The religious as well as civil policy of this country, before the independence of the United States, drew all important communications to a central point acrofs the Atlantic i and a considerable period of time was necessary to change the current of intercourse, and bring the churches and clergy of the difserent states, to that mutual and extensive acquaintance, whereby proper matter for an Evangelical Magazine, may be regularly furnished. This dissiculty is continually becoming less, by a free and friendly intercourse between the northern and fouthern churches.
There is alfo in the public mind a growing considence in the abilities of American writers and divines to equal their European brethren in evangelical discussion. It Is become more easy to make a collection of such facts in the divine government of the church and in the experience of pious people, as will instruct the understanding and warm the heart.
The wonderful spirit of religious millions to heathen people, and to our new and scattered- settlements on the borders of the wilderness, which, within sive years, hath awoke both in Europe and America, furnishes much new and interesting matter. This spirit of love, to our distant and perishing sellow men, appears to have been the means of exciting a greater degree of btotherly love and more servent communion among thofe, who have long believed and rejoiced in our common Lord.
The abounding corruption of the present age in sentiment and practice, and the united efforts of thuse who hate pure Christianity,
have .been seen by the king of Zion, and he appears, in many ways, to be raising a standard against his enemieswhile they attempt to come in like a flood. He hath arisen and come forth from his place, and is bathing the sword of his justice in the blood of thofe who have most openly denied him, or idolatrously departed from the purity of the gnspel. He hath given them up to hardness of heart and blindness of mind, and, by the rage of their own passions, mutually to execute on themselves the vengeance of an injured Lord.—In all this the enemies of pure religion mean not so, neither do they think so, but it is in their heart to destroy the faith of our Lord Jesus Christ, and bring his people every where to shame.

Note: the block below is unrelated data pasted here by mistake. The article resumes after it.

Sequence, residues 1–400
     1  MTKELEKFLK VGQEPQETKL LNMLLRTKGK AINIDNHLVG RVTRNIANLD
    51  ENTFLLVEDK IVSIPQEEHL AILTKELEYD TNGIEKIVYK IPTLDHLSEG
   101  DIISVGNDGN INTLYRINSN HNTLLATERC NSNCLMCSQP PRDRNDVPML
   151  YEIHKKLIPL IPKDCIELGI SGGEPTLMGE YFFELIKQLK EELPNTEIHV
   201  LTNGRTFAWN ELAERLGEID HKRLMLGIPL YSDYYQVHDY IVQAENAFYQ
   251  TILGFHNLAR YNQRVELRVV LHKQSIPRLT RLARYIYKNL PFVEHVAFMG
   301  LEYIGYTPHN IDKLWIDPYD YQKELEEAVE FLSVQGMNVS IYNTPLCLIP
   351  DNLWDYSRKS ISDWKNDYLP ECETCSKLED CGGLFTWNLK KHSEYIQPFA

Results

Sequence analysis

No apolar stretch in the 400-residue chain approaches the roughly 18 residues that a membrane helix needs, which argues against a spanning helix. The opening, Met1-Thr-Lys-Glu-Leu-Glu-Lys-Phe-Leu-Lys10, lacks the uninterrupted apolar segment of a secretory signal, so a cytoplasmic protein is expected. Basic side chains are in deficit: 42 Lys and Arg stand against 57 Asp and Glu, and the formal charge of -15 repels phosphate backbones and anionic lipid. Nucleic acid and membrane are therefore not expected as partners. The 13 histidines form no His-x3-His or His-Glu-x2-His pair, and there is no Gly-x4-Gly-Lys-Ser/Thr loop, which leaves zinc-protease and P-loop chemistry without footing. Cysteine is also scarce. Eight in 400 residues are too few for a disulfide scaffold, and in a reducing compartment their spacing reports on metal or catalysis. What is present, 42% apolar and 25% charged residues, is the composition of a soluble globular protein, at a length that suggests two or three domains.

While there appears, in multitudes, this sixed opposition to the cause of Christ, it is very manisest that his true friends are more animated and persevering than formerly; and, perhaps, there are no better means for increasing the flame of Christian love still higher, than such a periodical history of the state of religion, in our own churches, and through the world as will be attempted in this work. It is a natural means, for warning the hearts of Christians; to fee the love of their brethren in the cause of Christ, and their humble zeaj for the falvation of fouls. It is hoped that, by these endeavours, the servor and communional zeal of Christian piety may be increased—that the missionary interests, among new and scattered settlements of thofe born from Christian parents, and among the Heathen, may be promoted—and that a monthly history of the American . church and of the victories of divine grace in this land, may increase the love and comsort of our